~Bacterial Infections

~Bacterial Infections
Reprinted with permission of Life Extension®.


Alternatives to Antibiotics

When antibiotics were discovered in the 1940s, they were incredibly effective in the treatment of many bacterial infections. Over time many antibiotics have lost their effectiveness against certain strains of bacteria, as resistant strains have developed, mostly through the use of "resistance genes."

In 1998 a potentially deadly bacterium, Staphylococcus aureus ("staph"), which causes widespread nosocomial (infections contracted in a hospital or clinic) infections, failed to respond to the most potent antibiotic vancomycin. The most troubling aspect was that this failure occurred in three patients in widely separated geographic areas.

There are several ways in which bacteria are becoming resistant to antibiotic therapy. One is that some bacteria have now developed "efflux" pumps. When the bacterium recognizes invasion by an antibiotic, the efflux pump simply pumps the antibiotic out of its cells. Resistance genes code for more than pumps, though. Some lead to the manufacture of enzymes that degrade or chemically alter (and therefore inactivate) the antibiotic.

Where do these resistance genes come from? Usually, bacteria actually get them from other bacteria. In some cases they pick up a gene containing plasmid from a "donor" cell. Also, viruses have been shown to extract a resistance gene from one bacterium and inject it into a different one. Furthermore, some bacteria "scavenge" DNA from dead cells around them, and occasionally, scavenged genes are incorporated in a stable manner into the recipient cell's chromosome or into a plasmid and become a part of the recipient bacterium. A few resistance genes develop through random mutations in the bacterium's DNA.

Researchers around the world are taking another look at folk medicine, herbal remedies, and other alternatives to pharmacological drugs. Recent research has confirmed the antibacteriological value of herbal extracts from many parts of the world.

Examples of useful herbal remedies abound. Herbal extracts from goldenseal and echinacea may be effective natural antibiotics. Raw garlic has potent antibacterial effects. Kyolic, an aged garlic product, does not kill bacteria directly but does boost immune function, enabling the body to fight off some chronic bacterial infections.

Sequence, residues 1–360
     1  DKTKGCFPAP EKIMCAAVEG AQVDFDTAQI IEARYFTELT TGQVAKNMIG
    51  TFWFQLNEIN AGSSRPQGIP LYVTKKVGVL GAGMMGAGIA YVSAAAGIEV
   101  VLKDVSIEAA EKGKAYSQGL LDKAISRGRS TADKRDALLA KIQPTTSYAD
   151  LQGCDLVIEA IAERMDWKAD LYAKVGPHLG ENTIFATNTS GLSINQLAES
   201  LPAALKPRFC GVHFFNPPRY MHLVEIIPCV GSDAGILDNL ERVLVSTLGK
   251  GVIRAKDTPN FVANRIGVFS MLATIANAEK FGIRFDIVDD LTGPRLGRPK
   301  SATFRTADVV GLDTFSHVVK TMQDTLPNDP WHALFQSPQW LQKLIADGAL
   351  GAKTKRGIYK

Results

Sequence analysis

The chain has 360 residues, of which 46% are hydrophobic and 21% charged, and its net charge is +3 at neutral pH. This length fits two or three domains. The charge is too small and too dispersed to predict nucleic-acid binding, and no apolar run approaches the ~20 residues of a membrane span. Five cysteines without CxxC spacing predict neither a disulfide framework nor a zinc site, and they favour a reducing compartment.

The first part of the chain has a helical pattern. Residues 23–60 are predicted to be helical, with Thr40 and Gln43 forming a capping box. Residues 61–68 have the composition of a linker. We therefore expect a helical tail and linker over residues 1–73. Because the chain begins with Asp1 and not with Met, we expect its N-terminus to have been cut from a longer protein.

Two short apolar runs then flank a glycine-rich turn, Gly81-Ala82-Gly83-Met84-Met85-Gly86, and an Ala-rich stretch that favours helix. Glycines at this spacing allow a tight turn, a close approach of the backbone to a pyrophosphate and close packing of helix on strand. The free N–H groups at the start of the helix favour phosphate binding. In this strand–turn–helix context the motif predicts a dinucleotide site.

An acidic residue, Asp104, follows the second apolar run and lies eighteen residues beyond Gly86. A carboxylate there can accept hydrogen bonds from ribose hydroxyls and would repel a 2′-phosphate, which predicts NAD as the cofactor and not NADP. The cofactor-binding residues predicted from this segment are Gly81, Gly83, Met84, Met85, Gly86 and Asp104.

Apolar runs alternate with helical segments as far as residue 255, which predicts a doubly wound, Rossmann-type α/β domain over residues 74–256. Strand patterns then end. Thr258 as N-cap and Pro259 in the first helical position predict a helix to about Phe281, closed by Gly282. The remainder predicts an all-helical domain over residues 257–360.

Gulf War Syndrome

Between August of 1990 and March 1991, the U.S. deployed more than 697,000 troops in Operation Desert Shield and Operation Desert Storm. The majority of the troops were stationed in Saudi Arabia, Kuwait, or aboard ships in the Red Sea. Of these, more than 100,000, (1 in 7) have reported serious health concerns to the Department of Veterans Affairs or the Department of Defense. Unfortunately, some family members of those stricken gradually display signs and symptoms of the syndrome, suggesting an infectious explanation of the illness.

Drs. Garth Nicolson, Ph.D. and Nancy Nicolson, Ph.D., have released the heartening news, gathered from their research at the Institute for Molecular Medicine, Huntington Beach CA., that thousands of soldiers are being helped, when mycoplasma infections are identified and treated.

Appropriate cyclic treatments with antibiotics or other medications that suppress chronic infections have resulted in improvement and even recovery in most of the individuals treated.

Apart from an ugly list of side effects that commonly accompany antibiotic therapy, antibiotics can disrupt the friendly flora that resides symbiotically in the gut. Gut flora represents several pounds of highly sensitive material that is regarded as immune modulating. Disturbance of "friendly flora" can antagonize the immune and inflammatory process. Re-inoculation of the gut with cultures of Lactobacillus acidophilus/Lactobacillus rhamnosus/Bifidobacterium longum/Bifidobacterium breve is vital to recovery.

To be successful, each patient must comply with a complementary health approach that employs the best of orthodox and natural medicine. Gulf War veterans presenting with mycoplasmas typically display nutritional deficiencies and poor absorption that must be corrected. Mega vitamin/mineral therapy is warranted and sublingual or liquid supplements should be considered:

Vitamin C, which detoxifies most heavy metals (5 to 15 grams daily, in divided doses)

Vitamin E (600 to 1000 IU daily)

CoQ10 (50 to 150 mg daily)

Bioflavonoids (200 mg three times a day)

Choline (1000 mg daily, in divided doses)

Inositol (750 mg daily)

Vitamin B5 (500 to 1500 mg daily)

PABA (500 to 1000 mg daily)

Sublingual vitamin B12 (1000 mcg daily dose)

Flaxseed or fish oils (1 tablespoon daily)

Minerals, such as zinc (50 mg daily), calcium (1000 mg per day), and selenium (up to 300 mcg/day)

Garlic (Allium sativum) is a potent detoxifier. Use 2 capsules (300 mg each) three times a day with meals.

Use 500 mg of L-cysteine, L-tyrosine, L-glutamine, and L-carnitine daily, on an empty stomach.

NOTE: Minerals should be taken apart from antibiotics, because minerals can affect antibiotic absorption.

If you have any questions, please contact us at info@lifeextensionvitamins.com or 1-888-771-3905.


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